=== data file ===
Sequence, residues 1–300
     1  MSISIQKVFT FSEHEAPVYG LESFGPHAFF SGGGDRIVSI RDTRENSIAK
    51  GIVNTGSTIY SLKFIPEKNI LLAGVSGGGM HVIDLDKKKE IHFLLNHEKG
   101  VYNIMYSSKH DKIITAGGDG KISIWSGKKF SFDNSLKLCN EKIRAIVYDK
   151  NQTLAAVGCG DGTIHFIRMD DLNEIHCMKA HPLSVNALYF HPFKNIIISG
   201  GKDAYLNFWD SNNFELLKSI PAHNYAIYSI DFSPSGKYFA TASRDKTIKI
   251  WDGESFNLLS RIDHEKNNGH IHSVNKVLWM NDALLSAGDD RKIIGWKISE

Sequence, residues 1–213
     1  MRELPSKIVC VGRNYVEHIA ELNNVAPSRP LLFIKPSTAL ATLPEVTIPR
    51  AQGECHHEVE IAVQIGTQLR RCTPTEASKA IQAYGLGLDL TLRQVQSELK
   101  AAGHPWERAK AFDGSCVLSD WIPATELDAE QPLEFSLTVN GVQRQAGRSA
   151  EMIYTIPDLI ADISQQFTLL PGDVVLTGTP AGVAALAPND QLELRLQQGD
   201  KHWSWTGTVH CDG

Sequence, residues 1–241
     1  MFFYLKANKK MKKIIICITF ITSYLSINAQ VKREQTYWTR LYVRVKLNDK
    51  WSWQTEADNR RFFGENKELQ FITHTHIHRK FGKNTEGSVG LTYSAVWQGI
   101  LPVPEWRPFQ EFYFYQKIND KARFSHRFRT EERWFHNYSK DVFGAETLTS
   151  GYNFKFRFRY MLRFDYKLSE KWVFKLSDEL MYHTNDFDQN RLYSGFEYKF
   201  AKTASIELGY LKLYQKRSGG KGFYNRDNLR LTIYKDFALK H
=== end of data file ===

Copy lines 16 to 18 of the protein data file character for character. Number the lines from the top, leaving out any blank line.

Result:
    51  WSWQTEADNR RFFGENKELQ FITHTHIHRK FGKNTEGSVG LTYSAVWQGI
   101  LPVPEWRPFQ EFYFYQKIND KARFSHRFRT EERWFHNYSK DVFGAETLTS
   151  GYNFKFRFRY MLRFDYKLSE KWVFKLSDEL MYHTNDFDQN RLYSGFEYKF